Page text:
Celebrate Chanukah!

The Festival of Lights


Chanukah is an eight-day holiday commemorating the Jews’ victory over the Greeks in the second century BCE. At the time, Jerusalem was ruled by the Seleucids, ethnic Syrians who were part of the Greek empire. The Seleucids tried to impose Greek values on the Jews and pressured them to stop worshipping God and following the tenets of their faith. 

High Priest pouring oil over the menorah

Many Jews went along with this plan and assimilated into Greek culture, but a feisty minority refused to comply. Led by Judah the Maccabee, these faithful Jews with only primitive weaponry managed to defeat the mightiest empire in the world. They drove the Greeks from the Holy Land, reclaimed the Temple in Jerusalem, and rededicated it to the service of God.

The central observance of the festival is a nightly menorah lighting to commemorate a miracle that occurred during the rededication of the Holy Temple in Jerusalem. After the godless Greeks desecrated the Temple, the Jews needed to light the menorah (candelabra) to rededicate it, but they were only able to find a tiny container of uncontaminated oil. Miraculously, the one-day supply of oil lasted eight days, which was enough time for new oil to be produced.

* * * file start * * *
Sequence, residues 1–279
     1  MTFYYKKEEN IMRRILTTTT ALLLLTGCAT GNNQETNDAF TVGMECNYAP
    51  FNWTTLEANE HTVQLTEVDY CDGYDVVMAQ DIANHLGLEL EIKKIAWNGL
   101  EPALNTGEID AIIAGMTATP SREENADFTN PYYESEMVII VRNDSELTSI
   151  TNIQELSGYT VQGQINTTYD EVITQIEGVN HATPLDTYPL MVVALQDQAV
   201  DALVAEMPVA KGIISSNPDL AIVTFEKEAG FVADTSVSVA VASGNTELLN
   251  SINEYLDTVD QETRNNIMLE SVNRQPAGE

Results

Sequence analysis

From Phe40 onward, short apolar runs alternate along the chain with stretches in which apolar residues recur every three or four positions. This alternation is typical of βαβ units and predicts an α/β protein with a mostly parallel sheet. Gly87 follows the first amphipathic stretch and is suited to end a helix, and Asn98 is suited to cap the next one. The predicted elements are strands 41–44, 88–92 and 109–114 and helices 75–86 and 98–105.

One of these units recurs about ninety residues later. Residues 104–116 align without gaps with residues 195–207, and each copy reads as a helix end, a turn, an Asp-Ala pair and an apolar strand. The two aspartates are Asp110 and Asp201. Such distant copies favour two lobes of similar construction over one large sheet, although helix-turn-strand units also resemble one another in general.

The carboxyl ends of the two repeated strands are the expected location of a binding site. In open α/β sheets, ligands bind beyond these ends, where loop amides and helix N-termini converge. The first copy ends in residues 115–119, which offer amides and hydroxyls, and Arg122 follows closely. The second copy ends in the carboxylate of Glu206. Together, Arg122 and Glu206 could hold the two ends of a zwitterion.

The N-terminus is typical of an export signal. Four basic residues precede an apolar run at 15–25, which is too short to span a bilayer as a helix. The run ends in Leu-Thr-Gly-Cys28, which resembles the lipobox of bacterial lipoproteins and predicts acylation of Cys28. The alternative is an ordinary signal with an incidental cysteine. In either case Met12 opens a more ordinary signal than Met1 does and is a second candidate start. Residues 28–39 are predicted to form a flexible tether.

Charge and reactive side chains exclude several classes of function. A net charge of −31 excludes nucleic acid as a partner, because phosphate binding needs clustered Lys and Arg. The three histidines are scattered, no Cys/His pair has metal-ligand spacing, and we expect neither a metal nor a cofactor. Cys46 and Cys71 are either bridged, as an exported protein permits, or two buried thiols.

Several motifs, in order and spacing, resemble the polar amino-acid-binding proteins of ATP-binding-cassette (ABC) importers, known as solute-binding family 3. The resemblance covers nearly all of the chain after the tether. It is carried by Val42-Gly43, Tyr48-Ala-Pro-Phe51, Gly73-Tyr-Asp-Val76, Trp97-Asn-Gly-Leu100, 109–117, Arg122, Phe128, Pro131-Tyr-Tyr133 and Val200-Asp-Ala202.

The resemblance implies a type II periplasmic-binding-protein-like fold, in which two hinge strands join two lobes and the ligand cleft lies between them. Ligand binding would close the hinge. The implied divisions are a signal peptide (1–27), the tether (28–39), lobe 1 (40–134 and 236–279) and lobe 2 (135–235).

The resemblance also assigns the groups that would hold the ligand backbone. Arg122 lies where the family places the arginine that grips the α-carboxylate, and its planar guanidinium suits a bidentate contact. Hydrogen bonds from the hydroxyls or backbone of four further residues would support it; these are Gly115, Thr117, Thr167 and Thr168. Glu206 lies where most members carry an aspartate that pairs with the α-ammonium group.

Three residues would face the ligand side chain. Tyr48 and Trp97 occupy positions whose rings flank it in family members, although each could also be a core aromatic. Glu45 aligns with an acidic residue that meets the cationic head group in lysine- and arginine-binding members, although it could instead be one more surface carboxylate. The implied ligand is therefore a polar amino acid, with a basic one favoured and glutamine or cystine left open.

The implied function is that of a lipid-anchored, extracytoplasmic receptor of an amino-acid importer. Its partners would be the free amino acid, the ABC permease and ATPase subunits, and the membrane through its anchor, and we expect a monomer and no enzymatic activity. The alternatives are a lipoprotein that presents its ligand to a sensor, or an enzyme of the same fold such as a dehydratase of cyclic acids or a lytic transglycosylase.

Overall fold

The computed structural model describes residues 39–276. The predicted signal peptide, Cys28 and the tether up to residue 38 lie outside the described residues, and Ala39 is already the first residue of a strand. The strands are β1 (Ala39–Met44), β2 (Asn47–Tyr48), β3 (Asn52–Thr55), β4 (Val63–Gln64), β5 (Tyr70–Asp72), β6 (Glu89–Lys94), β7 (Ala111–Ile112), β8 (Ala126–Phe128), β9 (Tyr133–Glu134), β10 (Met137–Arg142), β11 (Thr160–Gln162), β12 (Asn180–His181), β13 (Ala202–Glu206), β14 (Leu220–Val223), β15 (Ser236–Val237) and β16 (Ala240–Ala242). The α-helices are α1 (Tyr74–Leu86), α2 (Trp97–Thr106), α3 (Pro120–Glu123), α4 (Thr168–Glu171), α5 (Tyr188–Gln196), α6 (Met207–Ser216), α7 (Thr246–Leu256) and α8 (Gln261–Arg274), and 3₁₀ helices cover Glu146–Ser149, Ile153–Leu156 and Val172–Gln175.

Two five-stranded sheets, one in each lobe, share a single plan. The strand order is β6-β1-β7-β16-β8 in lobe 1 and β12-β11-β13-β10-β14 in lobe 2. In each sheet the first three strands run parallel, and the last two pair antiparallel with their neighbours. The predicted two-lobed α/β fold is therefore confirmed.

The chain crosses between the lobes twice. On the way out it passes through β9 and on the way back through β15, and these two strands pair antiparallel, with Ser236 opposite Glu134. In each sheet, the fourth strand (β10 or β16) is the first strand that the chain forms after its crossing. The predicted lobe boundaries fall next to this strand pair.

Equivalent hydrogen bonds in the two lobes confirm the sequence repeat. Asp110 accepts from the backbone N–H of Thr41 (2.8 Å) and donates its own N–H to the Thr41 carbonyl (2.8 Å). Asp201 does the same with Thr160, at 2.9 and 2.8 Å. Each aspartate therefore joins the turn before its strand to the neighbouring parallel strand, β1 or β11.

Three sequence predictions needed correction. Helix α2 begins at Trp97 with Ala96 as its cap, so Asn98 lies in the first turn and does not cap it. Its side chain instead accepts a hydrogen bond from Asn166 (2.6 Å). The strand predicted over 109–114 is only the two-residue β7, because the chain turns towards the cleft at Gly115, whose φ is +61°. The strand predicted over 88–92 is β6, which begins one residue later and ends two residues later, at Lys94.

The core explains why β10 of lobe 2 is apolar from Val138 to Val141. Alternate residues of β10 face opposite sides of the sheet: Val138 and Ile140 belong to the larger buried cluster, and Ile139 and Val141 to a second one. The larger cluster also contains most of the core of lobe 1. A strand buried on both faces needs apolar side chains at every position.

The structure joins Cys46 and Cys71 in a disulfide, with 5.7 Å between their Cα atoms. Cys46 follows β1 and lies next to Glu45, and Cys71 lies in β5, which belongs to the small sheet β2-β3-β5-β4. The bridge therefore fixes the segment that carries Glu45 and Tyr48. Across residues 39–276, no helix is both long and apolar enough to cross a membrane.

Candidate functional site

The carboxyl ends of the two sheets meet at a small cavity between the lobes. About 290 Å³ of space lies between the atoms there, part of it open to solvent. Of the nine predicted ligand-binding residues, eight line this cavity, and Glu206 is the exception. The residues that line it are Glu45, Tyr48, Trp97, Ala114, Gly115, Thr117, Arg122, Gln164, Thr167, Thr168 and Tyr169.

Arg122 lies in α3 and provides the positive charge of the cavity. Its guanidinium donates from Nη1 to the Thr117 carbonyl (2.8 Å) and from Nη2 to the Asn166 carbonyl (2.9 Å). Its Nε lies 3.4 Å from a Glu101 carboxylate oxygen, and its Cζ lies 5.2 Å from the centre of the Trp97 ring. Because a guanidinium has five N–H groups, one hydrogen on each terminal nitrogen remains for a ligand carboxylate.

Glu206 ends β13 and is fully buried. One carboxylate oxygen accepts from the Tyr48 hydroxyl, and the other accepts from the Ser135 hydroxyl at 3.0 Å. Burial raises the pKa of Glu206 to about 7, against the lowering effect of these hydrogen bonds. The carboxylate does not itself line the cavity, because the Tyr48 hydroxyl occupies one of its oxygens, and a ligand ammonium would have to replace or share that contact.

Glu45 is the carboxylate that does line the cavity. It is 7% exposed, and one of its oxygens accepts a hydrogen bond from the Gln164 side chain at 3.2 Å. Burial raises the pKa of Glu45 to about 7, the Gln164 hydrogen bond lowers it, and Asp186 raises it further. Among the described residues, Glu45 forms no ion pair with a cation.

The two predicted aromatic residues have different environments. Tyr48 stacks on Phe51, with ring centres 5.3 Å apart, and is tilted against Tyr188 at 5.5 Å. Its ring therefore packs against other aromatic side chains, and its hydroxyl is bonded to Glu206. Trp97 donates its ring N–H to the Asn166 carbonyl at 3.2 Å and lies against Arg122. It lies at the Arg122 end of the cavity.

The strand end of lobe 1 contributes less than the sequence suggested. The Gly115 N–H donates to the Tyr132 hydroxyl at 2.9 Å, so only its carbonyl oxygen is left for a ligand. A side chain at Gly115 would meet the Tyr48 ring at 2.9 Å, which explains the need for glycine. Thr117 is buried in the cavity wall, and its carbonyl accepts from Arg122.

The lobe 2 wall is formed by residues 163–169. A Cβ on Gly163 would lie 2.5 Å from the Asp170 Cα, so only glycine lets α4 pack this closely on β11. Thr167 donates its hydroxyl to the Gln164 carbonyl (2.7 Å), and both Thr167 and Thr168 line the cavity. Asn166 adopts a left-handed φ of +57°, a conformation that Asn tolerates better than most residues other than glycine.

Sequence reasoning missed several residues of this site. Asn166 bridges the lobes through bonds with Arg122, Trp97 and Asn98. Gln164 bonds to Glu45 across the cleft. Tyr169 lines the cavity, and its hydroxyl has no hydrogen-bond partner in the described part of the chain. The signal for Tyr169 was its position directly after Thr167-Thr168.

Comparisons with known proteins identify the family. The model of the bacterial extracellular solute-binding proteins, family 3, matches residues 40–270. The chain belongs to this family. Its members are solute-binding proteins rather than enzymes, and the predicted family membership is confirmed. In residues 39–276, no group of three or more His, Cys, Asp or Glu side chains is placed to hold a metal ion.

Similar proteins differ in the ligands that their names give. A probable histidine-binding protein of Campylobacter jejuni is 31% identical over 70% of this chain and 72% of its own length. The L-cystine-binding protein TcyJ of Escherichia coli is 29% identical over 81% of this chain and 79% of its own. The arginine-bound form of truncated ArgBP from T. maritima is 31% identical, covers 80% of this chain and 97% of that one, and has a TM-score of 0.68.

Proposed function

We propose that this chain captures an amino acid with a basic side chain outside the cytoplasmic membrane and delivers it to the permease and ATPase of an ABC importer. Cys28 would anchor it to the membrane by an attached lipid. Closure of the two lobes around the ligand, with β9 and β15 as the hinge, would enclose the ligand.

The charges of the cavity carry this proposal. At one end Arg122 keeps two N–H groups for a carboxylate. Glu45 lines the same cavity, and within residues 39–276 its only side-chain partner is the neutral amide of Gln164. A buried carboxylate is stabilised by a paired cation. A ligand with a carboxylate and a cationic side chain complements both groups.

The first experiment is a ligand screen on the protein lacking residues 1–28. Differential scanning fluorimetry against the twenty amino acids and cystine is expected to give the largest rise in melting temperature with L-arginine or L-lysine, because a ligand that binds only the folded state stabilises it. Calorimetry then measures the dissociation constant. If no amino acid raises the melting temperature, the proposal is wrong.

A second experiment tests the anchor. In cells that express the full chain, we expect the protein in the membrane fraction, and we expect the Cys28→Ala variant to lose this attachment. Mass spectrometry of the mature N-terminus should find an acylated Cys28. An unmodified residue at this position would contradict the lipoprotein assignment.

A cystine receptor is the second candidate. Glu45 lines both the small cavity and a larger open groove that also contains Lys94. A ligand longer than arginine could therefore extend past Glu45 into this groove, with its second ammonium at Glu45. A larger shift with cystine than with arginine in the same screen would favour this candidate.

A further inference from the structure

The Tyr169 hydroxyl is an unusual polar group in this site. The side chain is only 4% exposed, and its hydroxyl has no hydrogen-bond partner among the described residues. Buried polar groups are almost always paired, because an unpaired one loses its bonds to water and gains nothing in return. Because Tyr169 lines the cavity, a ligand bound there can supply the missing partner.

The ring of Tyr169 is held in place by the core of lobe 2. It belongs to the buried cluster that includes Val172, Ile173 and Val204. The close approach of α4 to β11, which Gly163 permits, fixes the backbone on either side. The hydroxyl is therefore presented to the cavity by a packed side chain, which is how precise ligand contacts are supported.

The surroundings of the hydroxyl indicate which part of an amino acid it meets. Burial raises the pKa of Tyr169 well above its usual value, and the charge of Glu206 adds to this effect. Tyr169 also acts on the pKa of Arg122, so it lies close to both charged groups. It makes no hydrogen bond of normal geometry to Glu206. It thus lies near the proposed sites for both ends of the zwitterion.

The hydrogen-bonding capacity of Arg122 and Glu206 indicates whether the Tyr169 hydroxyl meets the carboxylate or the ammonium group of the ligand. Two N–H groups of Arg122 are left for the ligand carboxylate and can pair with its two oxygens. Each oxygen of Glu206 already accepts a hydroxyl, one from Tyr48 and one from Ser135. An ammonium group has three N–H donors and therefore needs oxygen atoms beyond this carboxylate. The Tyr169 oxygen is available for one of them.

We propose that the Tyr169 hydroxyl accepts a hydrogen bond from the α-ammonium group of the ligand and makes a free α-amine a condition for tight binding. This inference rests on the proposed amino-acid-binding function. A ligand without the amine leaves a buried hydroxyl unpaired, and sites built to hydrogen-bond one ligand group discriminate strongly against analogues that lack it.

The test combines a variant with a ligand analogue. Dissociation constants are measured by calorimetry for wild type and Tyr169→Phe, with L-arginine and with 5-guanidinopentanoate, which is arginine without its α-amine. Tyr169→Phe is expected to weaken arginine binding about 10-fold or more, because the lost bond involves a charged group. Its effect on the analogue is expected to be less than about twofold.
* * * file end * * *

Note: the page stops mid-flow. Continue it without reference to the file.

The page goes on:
Chanukah is a celebration of religious freedom and the right to be different. 

Jewish boy celebrating the 8th night of Chanukah


The menorah holds nine flames, one of which (the shamash) is used to light the other eight lights. On the first night we light one flame, on the second night two, and so on until the final light of the holiday when all eight flames are lit.

Chanukah menorahs are customarily lit in the window, to share our light with the world. Some have the custom of lighting in doorways. We say special prayers of praise and thanksgiving to God for “delivering the strong into the hands of the weak, the many into the hands of the few… the wicked into the hands of the righteous.”


During Chanukah it’s customary to eat foods fried in oil, to commemorate the miracle of the oil. Classic Chanukah foods include latkes (potato pancakes) and sufganiyot (jelly donuts).



During the eight-day festival, Jewish children play the dreidel game for a pot of gelt (chocolate coins.) A dreidel is a four-sided spinning top bearing Hebrew letters nun, gimmel hei and shin, an acronym for nes gadol hayah sham, “a great miracle happened there.” In Israel the shin is substituted for the letter peh, to mean “a great miracle happened here.”

Dreidels started as a way to preserve Judaism. When the Syrian-Greeks ruled over the Holy Land, they outlawed Jewish practices such as Shabbat observance and Torah learning. Jewish children would hide in caves to learn Torah in secret. When they saw a Greek soldier approaching, they would quickly hide their scrolls and take out dreidels, pretending to be playing an innocent game.


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